Sorry, was that self-righteous enough for you? I swear I stopped reading Paul Krugman way back in two 0 two !
    Sorry for the rant, I know it isn’t appreciated as constructive in this here “God’s country”.

  3. Cameron Wittig

    I assisted Martin once on a shoot he did in the midwest. I was second assistant, basically a liaison for the rental house and lab. (you can’t pack tall boys and sand bags when you’re flying to locations.) It was one of the last assisting jobs I ever had and it was by far the most influential experience of my assisting career. He had half a dozen shots done by 3 pm, all of them perfect. The efficiency and ease that he was able to pull off, as well as the expertise was extremely impressive.

    And to top it all off, he called me two days later, personally, from a beach in Mexico where he was vacationing because it suddenly occurred to him that he forgot to cut me a check before he left town…! I had a check in my mailbox two days later. I was expecting to get payed in 60 days like every other assisting job! Love that guy.

    AND – I have a big head polaroid of myself, a prized possession.

  4. Cameron Wittig

    Just can’t stop commenting on this… Today I gave a lecture to an advertising class at the University of Minnesota about my own work and I mentioned this very experience with Martin to the class. One of the things he said to me – that I will never forget – is to take the time to take a day off and just experiment with lighting in your studio. Burn up as many polaroids as it takes to find a new technique for lighting a portrait. In other words, PLAY. Sounds so simple but I’ll never forget that.

  5. why does martin schoeller have a rep for assignment and a separate rep for editorial. i never understood that.

  6. His first rep was at Corbis and he never left her even when he blew up so I think he added an advertising rep to help out rather than switch to someone to do both.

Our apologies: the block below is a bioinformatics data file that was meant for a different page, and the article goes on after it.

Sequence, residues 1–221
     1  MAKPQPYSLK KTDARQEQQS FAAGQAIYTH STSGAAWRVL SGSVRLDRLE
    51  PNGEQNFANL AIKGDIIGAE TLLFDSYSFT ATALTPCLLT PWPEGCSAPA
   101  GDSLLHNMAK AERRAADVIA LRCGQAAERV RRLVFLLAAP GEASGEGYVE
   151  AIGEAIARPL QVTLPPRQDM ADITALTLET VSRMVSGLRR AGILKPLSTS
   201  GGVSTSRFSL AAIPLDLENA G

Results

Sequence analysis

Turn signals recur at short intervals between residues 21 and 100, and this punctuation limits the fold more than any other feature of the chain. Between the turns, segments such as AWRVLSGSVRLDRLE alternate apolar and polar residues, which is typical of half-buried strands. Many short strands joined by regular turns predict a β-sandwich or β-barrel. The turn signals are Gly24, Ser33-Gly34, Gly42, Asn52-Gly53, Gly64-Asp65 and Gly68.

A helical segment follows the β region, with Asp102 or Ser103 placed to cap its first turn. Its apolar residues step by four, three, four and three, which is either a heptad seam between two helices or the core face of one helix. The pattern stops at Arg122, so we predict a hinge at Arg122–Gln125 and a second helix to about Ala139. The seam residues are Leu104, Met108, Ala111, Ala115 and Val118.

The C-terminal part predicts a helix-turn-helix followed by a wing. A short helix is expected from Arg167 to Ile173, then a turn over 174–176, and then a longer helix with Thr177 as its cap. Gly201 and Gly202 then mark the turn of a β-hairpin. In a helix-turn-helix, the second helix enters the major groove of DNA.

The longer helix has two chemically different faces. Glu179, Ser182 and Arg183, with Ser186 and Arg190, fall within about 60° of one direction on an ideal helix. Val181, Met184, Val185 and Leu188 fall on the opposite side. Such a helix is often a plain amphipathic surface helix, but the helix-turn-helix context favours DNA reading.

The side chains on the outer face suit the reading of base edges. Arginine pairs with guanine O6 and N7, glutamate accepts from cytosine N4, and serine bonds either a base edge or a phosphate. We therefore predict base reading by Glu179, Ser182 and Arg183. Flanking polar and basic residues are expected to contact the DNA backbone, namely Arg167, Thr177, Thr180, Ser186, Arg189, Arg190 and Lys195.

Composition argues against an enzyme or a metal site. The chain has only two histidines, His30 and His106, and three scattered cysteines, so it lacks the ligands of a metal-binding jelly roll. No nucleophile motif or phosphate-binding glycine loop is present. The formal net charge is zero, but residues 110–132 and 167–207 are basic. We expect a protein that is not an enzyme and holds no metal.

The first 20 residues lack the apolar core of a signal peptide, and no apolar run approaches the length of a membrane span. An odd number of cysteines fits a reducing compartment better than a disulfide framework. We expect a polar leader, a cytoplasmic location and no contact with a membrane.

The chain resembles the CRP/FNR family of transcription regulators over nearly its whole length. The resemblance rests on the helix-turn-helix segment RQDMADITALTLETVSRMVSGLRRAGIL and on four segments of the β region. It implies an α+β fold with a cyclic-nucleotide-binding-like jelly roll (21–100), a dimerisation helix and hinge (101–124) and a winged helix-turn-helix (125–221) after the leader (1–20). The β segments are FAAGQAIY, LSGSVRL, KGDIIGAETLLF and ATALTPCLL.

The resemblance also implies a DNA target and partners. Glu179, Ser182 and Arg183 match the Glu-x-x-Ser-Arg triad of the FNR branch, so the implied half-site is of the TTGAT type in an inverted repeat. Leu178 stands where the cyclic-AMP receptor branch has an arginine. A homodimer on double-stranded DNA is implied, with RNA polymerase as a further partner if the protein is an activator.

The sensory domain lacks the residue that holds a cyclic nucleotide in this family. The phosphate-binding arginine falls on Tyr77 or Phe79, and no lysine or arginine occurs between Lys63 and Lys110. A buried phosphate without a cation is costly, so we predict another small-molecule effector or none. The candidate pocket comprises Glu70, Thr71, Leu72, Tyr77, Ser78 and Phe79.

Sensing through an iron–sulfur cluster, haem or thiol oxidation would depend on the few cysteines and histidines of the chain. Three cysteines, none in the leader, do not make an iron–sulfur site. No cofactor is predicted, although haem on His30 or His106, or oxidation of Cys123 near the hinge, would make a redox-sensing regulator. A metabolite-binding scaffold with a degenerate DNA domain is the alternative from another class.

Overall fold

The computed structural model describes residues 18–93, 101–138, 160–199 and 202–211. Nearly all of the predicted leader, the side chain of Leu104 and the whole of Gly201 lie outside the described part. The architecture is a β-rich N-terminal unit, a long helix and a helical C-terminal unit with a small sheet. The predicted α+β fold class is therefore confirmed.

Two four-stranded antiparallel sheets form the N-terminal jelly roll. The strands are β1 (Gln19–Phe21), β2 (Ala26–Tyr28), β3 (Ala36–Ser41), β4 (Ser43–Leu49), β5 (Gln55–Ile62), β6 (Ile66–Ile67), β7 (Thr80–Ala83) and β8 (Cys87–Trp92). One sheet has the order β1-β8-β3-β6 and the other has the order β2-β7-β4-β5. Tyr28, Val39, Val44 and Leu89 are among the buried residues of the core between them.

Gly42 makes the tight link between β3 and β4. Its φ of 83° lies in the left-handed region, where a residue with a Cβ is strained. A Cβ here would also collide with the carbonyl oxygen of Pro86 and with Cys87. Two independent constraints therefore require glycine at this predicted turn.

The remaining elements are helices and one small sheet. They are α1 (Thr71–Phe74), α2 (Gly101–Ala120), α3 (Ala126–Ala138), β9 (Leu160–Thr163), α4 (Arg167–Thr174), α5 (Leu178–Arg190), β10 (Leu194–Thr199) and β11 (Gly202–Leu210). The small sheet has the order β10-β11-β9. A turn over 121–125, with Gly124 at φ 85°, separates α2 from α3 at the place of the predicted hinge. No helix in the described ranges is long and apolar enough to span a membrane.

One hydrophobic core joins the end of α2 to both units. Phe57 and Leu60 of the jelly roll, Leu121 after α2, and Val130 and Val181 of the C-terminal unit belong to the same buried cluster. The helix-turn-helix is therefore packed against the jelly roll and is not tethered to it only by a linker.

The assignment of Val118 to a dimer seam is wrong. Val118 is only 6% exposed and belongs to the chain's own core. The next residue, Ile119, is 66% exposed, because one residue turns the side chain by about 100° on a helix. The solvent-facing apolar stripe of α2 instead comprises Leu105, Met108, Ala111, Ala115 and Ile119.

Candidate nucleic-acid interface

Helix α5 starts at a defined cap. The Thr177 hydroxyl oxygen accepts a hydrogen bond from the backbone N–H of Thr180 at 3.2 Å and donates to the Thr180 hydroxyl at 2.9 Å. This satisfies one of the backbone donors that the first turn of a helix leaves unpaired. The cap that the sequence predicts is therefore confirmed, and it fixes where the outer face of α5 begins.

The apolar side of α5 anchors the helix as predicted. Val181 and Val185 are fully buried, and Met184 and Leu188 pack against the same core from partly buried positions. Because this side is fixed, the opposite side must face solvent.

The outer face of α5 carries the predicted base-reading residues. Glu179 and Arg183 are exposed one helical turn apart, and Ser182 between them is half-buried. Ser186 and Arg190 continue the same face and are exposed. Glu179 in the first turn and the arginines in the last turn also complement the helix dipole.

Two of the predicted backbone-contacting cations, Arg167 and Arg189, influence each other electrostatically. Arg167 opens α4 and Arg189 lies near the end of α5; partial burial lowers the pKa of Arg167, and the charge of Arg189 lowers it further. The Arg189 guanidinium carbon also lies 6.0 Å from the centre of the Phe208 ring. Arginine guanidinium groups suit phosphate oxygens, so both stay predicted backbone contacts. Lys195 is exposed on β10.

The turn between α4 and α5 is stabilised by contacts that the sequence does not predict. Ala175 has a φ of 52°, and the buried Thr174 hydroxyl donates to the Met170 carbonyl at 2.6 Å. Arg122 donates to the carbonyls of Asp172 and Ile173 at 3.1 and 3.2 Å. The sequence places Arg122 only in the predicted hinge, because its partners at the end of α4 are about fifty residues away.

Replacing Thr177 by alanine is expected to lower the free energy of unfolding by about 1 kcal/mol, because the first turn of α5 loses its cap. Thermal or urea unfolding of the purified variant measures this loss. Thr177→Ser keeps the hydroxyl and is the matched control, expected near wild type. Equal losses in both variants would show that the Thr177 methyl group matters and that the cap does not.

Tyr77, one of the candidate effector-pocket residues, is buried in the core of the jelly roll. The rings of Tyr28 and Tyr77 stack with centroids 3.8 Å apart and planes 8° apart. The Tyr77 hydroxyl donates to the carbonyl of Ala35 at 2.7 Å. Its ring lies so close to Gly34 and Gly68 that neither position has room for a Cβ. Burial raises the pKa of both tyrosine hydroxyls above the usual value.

7. Christopher

    Olivier, excellent rant. I heard the new Krugman, “The Conscience of a Liberal”, really lets it fly!

  8. Chris Walters

    Like Cameron one of my last assisting jobs was with Martin as his second assistant. We were shooting Lebron James for ESPN magaine in Cleveland. We had three different sets and less than thiry minutes to pull off all the shots. The last shot consisted of Lebron packed in the middle of over a dozen kids. Try to get 50% of the kids to have a decent expression takes a certain skill set of its own. The entire shoot was a great experience. I cant say enough about both Martin and Markian ( his fulltime first assistant ). They were great to work with and down to earth. I’m happy to see someone like Martin excel in this crazy business.

    Thinking about it I also have a polaroid from my shoot with Martin, now only if I could find it……

  9. i’ve worked with martin as a assistant for about 3 yrs off and on and i enjoy it everytime. i’ve worked with many different photographers in NY, but there’s only a few i actually enjoy working for. i feel martin picks out an amazing core team of people and everyone feeds of each other, its almost like a happy family. besides the fact that martin is a top level photographer, i feel that his studio manager, first assistant and retoucher coolest people u can meet and they play a important role in martins operations…

  10. I worked with him about a year ago as assitant shooting al gore.. it was crazy set ups. we had 4 setups and like 30 min to shoot him. then after we shot him i got to sit with him and sip moonshine with him. i do have a poloroid that he shot of me…

  11. Douglas Allenstein

    I love these portraits (like everyone else) and wondered if anyone could tell me whether they are shot on 4 x 5 or 8 x 10?

    Thanks,

    DBA